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This series of ‘blogs’ sets out to give you an insight into the building blocks that make up “The King’s Jew” – if you have any questions concerning any of these points just get in touch and I’ll be happy to share what knowledge I have garnered. Thanks.
The winner of last week’s FREE COPY is ……. Bev Newman – Congratulations, Bev.
YOU TOO can win a copy – just see offer at the end.
CHAPTER FIVE – Here we find the knight Gilles de Burgh at the house of the Jewish moneylender, Joseph ben Simon ben Moshe in London in 1238. Gilles wants to extend his credit but something totally unexpected is revealed (you’ll have to buy the book!).
But how did the Christian people of England see the Jews? All is revealed in this very telling cartoon from 1233.
Tax records can tell us a great deal about life in the middle Ages. They don’t usually come with pictures, but this one does.
It is a cartoon from 1233 during the reign of King Henry III. It’s a detailed, complex cartoon and it is a bit of a mystery.
It was found on an Exchequer Roll, a government document recording various payments that is stored rolled up. This roll listed tax payments made by Jewish people in the city of Norwich in Norfolk.
Look at the cartoon above and see if you can find:
A castle – Pitchforks – A set of scales AND
A woman – A crown –Devils.
Background – Persecution of the Jews
The terrible treatment of Jews by the Nazi Government in the 1930s and 1940s was not a new event. Though nothing had ever been seen on the scale of the appalling ‘Final Solution’ begun in 1942 in which 6 million were murdered, Jews have been the victims of mistreatment since Roman times, as their different religion and their success in business attracted hatred and jealousy.
Laws were sometimes passed against them, such as the 1215 ruling by the Catholic Church that Jewish men had to wear spiked hats to identify them. At other times they have been made to wear stars on their clothing or change their names.
At the time this roll was written Jews in England were subjected to heavy taxes, had property stolen or confiscated and were sometimes attacked. The most serious attack on a Jewish community was the York Massacre in 1190 in which hundreds of Jews were killed as they took refuge in Clifford’s Tower, one of the city’s castles. The 12th century historian William of Newburgh accused the townspeople of an attempt at ‘sweeping away the whole race in their city’.
In the 13th century, Norwich was one of the largest and most important towns in England. One of its richest and most powerful residents was Isaac fil Jurnet, a Jewish money lender who owned a large amount of property in the city and was a banker to the king. To some jealous citizens Isaac seemed like a king himself.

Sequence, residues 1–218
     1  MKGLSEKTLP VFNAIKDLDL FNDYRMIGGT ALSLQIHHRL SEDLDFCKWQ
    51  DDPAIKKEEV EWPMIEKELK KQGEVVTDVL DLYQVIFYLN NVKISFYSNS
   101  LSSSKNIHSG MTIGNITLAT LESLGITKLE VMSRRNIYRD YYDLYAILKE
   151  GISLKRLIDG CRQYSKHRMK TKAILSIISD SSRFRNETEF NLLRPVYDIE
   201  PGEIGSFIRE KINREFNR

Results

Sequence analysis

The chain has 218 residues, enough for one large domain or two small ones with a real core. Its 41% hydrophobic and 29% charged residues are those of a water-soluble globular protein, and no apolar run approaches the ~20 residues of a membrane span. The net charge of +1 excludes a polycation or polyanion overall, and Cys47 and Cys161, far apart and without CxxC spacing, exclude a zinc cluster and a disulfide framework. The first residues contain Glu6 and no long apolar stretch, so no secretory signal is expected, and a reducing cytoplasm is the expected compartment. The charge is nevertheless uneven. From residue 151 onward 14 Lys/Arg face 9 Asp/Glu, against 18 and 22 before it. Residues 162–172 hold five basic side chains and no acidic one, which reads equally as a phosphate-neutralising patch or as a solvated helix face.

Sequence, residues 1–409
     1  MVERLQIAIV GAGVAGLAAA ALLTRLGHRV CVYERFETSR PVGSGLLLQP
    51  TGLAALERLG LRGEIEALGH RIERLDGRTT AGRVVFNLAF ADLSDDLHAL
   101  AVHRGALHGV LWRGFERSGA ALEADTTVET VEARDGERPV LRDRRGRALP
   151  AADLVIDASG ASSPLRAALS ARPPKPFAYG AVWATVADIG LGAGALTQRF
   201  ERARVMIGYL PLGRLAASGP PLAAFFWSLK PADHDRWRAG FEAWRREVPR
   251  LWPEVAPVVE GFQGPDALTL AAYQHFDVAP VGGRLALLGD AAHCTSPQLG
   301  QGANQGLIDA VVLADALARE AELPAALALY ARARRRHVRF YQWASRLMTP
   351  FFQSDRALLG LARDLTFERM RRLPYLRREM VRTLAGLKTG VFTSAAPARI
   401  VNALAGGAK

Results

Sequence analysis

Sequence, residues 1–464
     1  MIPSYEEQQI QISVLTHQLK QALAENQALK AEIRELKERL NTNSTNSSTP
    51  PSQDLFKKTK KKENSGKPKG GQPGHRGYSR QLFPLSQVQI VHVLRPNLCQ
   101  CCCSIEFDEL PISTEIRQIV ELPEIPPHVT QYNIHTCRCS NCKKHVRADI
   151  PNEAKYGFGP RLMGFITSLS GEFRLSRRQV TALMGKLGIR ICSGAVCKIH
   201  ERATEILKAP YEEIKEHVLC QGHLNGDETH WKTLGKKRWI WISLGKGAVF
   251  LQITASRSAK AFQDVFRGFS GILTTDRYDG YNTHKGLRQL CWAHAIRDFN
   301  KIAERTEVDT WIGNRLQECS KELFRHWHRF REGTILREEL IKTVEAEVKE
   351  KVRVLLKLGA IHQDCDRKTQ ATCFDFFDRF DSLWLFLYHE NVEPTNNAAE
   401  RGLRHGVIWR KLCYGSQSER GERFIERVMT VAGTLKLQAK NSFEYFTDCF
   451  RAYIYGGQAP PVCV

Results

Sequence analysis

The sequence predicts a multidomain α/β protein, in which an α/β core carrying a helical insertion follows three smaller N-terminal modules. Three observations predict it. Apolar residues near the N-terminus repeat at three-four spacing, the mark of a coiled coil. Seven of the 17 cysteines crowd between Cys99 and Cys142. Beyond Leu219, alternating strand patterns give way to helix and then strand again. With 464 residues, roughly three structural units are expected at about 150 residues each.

Isaac employed other Jews to collect the money that borrowers in the city owed to him. The most well-known (and most disliked) were Mosse Mokke and his wife Abigail.
The cartoon above is an example of the feelings many people had towards Jews in medieval England. It is about real people and their situation within 13th century society.
Let’s look at the image in more detail – below is the left section.
You’ll see a man is holding a set of scales containing money.
This man is not a Jew. He is a poor Christian monk, his scales full of coin that Isaac is trying to wrest from him using one of the many devils at his command – that’s a devil behind him, the figure with the forked tongue!
Isaac had sued the Westminster monks to get the interest from money they had borrowed after they refused to pay it.
Now look at the centre images of the cartoon – below
That three-headed monster above with the crown towering over the centre of the drawing is Isaac fil Jurnet, the wealthy Jewish moneylender from Norwich who was banker to King Henry III, the Abbot and monks of Westminster, the Bishop of Norwich and many others.
The man and woman facing each other above with Satan between them are Mosse Mokke and his wife Abigail both of whom were employed as debt collectors by Isaac.
Mosse wears the pointed hat that all Jews were ordered to wear AND the demon is pointing to their noses!
Now look at the right-hand side of the cartoon. –below.
What do you think these characters are supposed to be? Well you’re right. These are even more devils come to assist the moneylender. They carry pitchforks and reaping tools in order to gather in the ‘harvest’ of money and debt.
Such was the febrile nature of English Christianity in those days and it saddens me to think that such attitudes eventually culminated in the ‘Holocaust’ of World War Two.
In 1290 when the Jews of England were expelled a learned Jew in Norwich, Meir ben Eliahu wrote a collection of poems imbued with a mixture of fear, anger and sorrow – in short a concoction of all sorts of those emotions, which the Jewish community in England must have lived through, when they finally lost their livelihoods and homes after more than 200 years of anti-Semitic persecution.
“Forced away from where we dwelt
We go like cattle to the slaughter.
A slayer stands above us all.
We burn and die.”
How prophetic was that?
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